Tag Archives: children’s books

Spot’s House of Horrors!

It is safe to say that it has been a while since I have contributed our blog. My excuse is being pregnant and having a baby. I don’t know what those other slackers are using for an excuse. As my baby boy hits the one year (and some change) mark, I felt like it was time to dust off the blog and jump in again. While I have managed to still carve out time for myself to read, a lot of my time during the day is spent reading board books. Board books are an amazing invention, because pretty much everything ends up in my kids mouth. The few “regular” picture books I have let him go near have ended up with ripped pages, which hurts my soul. He has a few books that he insists that we read every day, and I will be slowly reviewing them, along with more YA and adult books. This brings me to todays book, Where’s Spot? by Eric Hill. Spot I know what you’re thinking. Cute picture book? Lift the flaps to play hide and seek with Spot? WRONG! Lift the flaps and you DIE! Spot’s mom, Sally, goes looking for Spot around the house because he has not eaten his supper. First she looks behind the door. What could possibly be behind a door in a normal home? Coats? Boxes? No. It’s a fucking BEAR people. He is eating honey, but there is nothing that says that once he is done that he won’t be eating your face off. 11H5531040-01-lpThat’s cool. We just found a giant bear in the house. We should TOTALLY keep looking.

Maybe Spot is inside the clock? This is a rational place to hide… if you are a giant PYTHON lying in wait to strangle innocent puppies! You hear that?! Puppy murder by asphyxiation! Why is Sally not phased by this? What kind of mother is she?! How is she not showing any concern as to whether or not her baby boy has survived a bear and a python?

The piano. Definitely has to be hiding in the piano. That is where I would go to hide from a bear and a python. Oops. NOPE. Just your friendly neighborhood HIPPO. First, hipppn-618b_3zos are mean and will crush you. Second, what the hell kind of piano do they have that can hold a hippo (maybe a baby hippo?), and how do they even play the piano with their paws? BURNING QUESTIONS IN CHILDREN’S LIT. Again, Sally is not shocked. This may be because the hippo does appear to be high, and thus, not a threat. Unless he got the munchies and really wanted puppy. My bet is on Sally being the worst mom ever. This makes me feel better about my own mothering skills.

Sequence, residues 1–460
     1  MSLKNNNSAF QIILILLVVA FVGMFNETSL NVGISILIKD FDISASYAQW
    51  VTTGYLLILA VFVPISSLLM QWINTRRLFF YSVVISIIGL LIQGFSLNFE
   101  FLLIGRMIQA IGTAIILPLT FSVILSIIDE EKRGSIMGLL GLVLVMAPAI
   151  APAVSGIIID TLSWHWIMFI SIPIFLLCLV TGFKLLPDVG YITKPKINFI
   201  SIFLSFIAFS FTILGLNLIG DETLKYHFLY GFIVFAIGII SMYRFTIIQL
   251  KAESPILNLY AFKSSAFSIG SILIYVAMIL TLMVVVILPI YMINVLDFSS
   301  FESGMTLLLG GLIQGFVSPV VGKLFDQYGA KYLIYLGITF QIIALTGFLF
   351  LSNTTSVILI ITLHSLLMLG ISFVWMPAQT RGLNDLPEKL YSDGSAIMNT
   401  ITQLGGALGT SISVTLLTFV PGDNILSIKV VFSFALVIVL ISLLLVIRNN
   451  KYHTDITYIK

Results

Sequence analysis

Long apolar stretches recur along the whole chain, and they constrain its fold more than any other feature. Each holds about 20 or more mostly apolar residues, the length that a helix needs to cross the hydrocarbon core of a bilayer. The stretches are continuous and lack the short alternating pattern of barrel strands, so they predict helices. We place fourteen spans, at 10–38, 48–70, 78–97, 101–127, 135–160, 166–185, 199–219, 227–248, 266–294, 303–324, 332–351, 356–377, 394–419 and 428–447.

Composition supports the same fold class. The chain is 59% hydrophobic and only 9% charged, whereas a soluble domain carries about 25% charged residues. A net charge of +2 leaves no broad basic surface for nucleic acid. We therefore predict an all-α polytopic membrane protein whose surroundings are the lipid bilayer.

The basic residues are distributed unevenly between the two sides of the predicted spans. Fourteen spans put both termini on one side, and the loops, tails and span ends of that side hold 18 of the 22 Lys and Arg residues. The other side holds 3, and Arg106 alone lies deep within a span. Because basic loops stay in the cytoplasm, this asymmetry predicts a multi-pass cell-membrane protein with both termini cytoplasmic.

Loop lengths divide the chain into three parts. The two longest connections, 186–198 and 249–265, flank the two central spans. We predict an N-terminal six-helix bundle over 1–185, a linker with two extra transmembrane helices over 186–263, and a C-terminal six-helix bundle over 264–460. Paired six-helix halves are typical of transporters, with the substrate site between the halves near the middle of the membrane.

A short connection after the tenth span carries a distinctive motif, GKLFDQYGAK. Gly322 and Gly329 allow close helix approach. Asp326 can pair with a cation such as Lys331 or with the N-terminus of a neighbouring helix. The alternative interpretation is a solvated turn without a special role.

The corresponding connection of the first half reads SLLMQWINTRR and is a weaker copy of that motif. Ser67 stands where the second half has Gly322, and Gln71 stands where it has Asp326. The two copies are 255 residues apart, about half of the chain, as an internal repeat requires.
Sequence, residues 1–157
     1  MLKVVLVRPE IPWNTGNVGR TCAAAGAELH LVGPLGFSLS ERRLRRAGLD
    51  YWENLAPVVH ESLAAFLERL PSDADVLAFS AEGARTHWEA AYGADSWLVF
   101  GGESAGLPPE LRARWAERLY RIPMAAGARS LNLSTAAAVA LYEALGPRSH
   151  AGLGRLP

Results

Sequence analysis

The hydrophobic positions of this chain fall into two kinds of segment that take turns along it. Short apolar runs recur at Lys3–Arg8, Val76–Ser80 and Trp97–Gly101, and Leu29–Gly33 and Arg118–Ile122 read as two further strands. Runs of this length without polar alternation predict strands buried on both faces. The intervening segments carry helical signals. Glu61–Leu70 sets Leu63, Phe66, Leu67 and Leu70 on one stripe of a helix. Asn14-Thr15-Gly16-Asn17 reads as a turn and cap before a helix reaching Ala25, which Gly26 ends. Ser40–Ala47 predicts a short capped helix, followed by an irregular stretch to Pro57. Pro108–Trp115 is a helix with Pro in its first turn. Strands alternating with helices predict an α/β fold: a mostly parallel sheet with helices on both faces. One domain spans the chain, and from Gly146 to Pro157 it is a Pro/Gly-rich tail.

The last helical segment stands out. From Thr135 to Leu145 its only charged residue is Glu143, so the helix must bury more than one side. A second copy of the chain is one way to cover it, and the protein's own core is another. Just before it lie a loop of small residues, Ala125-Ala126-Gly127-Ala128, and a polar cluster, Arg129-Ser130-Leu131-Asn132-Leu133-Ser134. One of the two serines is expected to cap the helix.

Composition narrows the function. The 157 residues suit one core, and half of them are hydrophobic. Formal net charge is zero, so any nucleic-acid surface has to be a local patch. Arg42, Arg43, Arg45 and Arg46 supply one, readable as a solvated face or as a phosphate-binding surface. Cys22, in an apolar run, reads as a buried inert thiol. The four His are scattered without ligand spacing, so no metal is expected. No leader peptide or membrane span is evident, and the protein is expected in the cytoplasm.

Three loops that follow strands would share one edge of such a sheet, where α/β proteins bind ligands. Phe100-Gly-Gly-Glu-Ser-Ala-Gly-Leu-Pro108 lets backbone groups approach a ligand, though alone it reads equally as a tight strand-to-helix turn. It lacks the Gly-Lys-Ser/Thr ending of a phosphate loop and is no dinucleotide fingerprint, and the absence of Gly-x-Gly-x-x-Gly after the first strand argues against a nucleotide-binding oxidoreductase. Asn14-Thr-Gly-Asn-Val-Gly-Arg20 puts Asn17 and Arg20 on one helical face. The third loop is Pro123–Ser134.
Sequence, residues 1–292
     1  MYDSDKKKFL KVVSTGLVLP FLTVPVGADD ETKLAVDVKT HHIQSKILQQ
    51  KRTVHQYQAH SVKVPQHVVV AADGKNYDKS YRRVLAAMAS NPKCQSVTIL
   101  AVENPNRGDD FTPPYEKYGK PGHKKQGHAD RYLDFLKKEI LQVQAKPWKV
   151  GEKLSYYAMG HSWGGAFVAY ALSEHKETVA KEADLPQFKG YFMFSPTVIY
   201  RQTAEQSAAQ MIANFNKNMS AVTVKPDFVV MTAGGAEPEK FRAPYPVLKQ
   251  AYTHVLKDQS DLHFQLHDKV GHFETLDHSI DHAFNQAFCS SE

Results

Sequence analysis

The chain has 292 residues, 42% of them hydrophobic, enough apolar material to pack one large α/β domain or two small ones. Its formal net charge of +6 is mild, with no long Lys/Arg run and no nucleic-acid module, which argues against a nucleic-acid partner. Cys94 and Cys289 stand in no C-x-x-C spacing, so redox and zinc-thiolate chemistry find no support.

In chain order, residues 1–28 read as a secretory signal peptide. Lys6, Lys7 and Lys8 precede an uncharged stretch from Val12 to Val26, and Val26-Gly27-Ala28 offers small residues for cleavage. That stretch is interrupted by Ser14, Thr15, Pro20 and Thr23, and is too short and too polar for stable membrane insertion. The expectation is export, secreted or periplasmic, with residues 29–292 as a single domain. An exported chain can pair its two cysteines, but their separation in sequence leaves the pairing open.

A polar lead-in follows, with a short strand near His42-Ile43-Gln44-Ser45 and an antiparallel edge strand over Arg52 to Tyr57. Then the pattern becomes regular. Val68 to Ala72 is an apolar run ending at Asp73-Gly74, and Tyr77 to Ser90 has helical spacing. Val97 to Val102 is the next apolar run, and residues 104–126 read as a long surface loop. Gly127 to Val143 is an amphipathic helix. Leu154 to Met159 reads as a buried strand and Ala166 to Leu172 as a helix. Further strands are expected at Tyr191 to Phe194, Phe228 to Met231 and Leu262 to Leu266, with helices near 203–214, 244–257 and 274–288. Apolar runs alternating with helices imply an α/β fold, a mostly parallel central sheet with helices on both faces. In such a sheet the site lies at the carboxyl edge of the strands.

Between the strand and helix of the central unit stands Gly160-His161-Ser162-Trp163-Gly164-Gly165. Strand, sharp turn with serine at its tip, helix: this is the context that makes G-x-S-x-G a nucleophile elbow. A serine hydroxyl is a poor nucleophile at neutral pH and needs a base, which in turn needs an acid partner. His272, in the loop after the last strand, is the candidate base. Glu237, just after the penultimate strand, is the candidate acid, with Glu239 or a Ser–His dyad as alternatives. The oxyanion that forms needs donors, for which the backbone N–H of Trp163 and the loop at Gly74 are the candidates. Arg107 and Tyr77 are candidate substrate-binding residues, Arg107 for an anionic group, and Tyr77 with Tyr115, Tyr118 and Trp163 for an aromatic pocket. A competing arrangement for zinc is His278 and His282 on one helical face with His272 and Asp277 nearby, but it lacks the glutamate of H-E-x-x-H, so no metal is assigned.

We’re running out of room for large dangerous animals here. Under the stairs seems like a safe place to hide. Maybe go into your little closet and pretend to be Harry Potter? Wrong AGAIN. wheres-spotThat is obviously where they keep their LION. He’s trying to play it cool and is all “No, I haven’t seen Spot,” but what are you hiding back there Mr. Lion? Could it be blood and guts? How do they feed all of these wild animals?

Next, we find a monkey in the closet, which would be fine and cute and cuddly if I didn’t know that monkeys have sharp teeth and throw their poop. From a hiding standpoint, this is not good.

We move on to under the bed. Kids across the board pretty much fear what is under their bed at some point in their lives. So what does Sally keep under the bed? A hungry crocodile with razor sharp yellowed teeth! This guy has been around the block and is biding his time to snatch you as soon as you close your eyes!

Now I don’t want to ruin the end for you, but suffice it to say that reading this book might give you night terrors. Go buy it. The kids will love it!


Books with Pictures are the BEST

Miss Peregrine’s Home for Peculiar Children (Quirk/2011) has everything I could hope for in a novel.  Superpowers, secret worlds, pictures, a hint of time-travelling children….

Growing up, Jacob loved hearing his grandfather’s childhood stories from his days in an orphanage for ‘peculiar children.’ That is, until the kids at school started giving him a hard time about his ‘fairy stories,’ and he decided that his grandfather was crazy, or worse, a liar.  Jacob’s opinion is unequivocally altered however, when he finds his grandfather dead in the woods, and catches a glimpse of the many-tongued monster that did him in, lurking in the bushes.  So, pro—grandpa’s not a liar, con—Jacob may be insane.  With the help of his shrink (natch), Jacob convinces his folks he needs to visit his grandfather’s former home, on a remote British island.  Once there, Jacob discovers the orphanage abandoned, bombed out from the war.

Jacob remains convinced, however, that there is something he’s missing.   And of course he’s right—the real orphanage is safe and intact, preserved in a time loop, repeating the same day over and over again during World War II.  And you can only reach the right time and place by going through a cave, and yes all the stories his grandfather told him were true, and maybe someone is using Jacob to get close to the peculiar children, and animals are suspiciously dying in Jacob’s real time, and also, he may have made out with his grandfather’s former girlfriend.   Got all that?